The Olympic Discovery Trail is an awesome bike (or walking) trail that cuts right through Olympic National Park. It’s a huge trail that covers 135 miles from Port Townsend to La Push, cutting right across the northern section of the Park. The trail takes you past a whole lot of sights and landmarks, including Lake Crescent, the Spruce Railroad, Daley Rankin Tunnel, and much more. All the while you’ll be traversing past lush forests, flowing streams, cascading mountains, and more. Of course, there are plenty of places to hop on and off the trail, and you don’t have to do it in one go. The trail caps off in La Push on the banks of the Pacific Ocean, on Olympic’s western shores. It’s a great way to experience the park, and hiking, biking, and horse-back riding is allowed.
Festivals and Events in Olympic National Park
Plenty of festivals and events happen in and around Olympic National Park throughout the year, especially in one of the cities or towns located outside the park. Here are some of our favorites:
Juan De Feca Festival of Arts
Juan De Feca Festival of Arts is an arts festivals that is arranged by the Juan De Feca Foundation for the Arts in Port Angeles. The Juan De Feca Festival takes place each year, typically on Memorial Day Weekend. It is a 4-day music festival, with plenty of activities for kids and adults. There’s a bunch of fun bands, a selection of street food, and a beer garden. There are also workshops that take place during the weekend for aspiring musicians and artists.
Crab and Seafood Festival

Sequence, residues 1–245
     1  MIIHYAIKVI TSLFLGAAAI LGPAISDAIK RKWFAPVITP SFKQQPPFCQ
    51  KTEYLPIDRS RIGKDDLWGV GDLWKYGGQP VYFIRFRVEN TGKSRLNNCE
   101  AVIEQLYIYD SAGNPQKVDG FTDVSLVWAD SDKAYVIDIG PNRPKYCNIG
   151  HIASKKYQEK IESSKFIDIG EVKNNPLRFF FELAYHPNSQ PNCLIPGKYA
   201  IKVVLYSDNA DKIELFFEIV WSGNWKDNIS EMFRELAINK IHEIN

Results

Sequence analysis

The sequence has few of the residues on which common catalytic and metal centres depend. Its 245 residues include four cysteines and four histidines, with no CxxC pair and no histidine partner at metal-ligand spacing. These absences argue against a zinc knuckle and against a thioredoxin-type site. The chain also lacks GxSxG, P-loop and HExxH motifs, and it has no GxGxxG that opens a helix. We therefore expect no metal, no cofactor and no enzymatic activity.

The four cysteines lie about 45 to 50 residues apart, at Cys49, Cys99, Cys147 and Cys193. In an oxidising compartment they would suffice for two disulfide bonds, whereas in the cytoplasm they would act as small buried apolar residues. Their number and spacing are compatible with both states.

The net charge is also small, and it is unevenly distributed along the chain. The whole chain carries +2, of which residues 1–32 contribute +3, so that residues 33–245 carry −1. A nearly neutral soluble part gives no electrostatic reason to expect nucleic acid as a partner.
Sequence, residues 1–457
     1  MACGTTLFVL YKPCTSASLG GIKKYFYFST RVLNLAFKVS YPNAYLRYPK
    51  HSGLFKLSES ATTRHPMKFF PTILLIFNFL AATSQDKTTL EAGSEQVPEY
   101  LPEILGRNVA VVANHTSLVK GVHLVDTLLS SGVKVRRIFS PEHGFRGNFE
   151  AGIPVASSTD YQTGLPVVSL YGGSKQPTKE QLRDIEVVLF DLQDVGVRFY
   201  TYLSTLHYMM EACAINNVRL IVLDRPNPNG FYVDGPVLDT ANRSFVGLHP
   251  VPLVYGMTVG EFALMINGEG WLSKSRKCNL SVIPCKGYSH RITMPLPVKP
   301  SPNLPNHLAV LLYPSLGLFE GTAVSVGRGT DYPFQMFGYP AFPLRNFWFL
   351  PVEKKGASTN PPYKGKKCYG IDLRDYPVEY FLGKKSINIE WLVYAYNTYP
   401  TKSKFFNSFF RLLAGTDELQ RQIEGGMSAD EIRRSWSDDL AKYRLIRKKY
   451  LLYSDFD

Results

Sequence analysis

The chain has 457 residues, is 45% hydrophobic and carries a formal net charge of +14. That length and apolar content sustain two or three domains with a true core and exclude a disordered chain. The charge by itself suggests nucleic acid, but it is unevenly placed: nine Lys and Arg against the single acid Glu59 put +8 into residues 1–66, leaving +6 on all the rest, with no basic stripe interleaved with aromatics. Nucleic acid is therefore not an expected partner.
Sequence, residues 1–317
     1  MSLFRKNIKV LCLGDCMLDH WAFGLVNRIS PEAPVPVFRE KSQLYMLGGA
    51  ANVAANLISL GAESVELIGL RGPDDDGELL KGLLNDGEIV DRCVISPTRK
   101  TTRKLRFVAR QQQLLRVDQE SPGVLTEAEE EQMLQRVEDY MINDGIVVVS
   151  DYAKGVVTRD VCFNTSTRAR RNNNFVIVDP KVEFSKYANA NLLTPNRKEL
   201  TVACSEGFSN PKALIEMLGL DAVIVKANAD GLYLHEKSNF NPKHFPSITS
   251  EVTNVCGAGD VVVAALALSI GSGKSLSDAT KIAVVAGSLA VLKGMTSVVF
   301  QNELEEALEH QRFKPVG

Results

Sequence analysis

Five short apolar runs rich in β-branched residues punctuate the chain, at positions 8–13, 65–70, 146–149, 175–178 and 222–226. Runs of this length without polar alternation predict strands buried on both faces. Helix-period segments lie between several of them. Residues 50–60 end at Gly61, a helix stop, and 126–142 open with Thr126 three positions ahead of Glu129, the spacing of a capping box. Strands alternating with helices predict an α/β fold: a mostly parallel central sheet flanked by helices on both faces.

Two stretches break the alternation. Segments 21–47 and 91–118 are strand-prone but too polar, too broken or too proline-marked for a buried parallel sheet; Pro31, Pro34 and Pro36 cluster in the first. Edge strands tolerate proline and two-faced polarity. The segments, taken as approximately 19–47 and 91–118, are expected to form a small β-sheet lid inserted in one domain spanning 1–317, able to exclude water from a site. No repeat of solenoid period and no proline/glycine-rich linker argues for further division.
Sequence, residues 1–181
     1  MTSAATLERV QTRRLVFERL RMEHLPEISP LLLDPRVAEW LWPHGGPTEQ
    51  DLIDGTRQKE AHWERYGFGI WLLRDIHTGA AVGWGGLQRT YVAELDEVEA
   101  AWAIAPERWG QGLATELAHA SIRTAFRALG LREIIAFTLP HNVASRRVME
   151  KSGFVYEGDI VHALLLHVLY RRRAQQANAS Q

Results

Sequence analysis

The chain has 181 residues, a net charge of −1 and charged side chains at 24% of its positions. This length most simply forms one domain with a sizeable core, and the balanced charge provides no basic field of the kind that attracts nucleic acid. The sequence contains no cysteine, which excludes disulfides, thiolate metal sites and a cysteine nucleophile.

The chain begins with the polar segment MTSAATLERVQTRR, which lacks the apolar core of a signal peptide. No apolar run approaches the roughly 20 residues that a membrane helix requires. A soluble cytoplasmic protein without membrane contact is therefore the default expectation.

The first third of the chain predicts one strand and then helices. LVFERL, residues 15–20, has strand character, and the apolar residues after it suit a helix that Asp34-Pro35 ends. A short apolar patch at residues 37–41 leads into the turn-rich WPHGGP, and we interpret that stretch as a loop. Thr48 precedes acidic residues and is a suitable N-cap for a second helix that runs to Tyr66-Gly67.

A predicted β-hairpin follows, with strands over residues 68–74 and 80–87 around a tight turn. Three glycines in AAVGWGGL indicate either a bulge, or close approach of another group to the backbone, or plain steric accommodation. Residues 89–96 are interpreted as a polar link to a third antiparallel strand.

Crab and Seafood Festival – Being right on the Pacific Ocean, there’s a ton of great seafood in the area around Olympic National Park, and it’s all on display at the Crab and Seafood Festival in Port Angeles. Taking place each year in October, the Crab and Seafood festival sees vendors from across the region pack the Port Angeles waterfront to show off their cuisine. It all takes place on the City Pier, where you’ll also find live music, family-friendly events, and even a 5K fun run.
Sequim Lavender Festival
Sequim Lavender Festival – Sequim is a town situated east of Port Angeles, on the northern side of Olympic National Park. Each summer is the Sequim Lavender Festival, a festival celebrating the beautiful lavender grown in the region, and the Sequim Lavender Growers Association. It’s a large, outdoor event where you can find plenty of activities, performances, and artisan goods to sample.
Olympic National Park
Thanks for checking out our guide to Olympic National Park, one of the most stunning natural areas in the Pacific Northwest. Use our guide to plan your ultimate Olympic National Park vacation.
What Kind of Wildlife are in Olympic National Park?
The broad geography in Olympic National Park means that there is a diverse array of wildlife that populate the park – from its coastlines to its interior regions. Examples include black bears, mountain lions, otters, grey whales, bald eagles, sea lions, and much more.
Olympic National Park camping
There are several campgrounds in Olympic National Park. As is the case with most popular US National Parks, the campgrounds tend to get booked well ahead of time in peak season. In other words, during summer, campgrounds go fast. In many instances, you may need to book a campground as soon as they open up to have any chance of securing one during summer.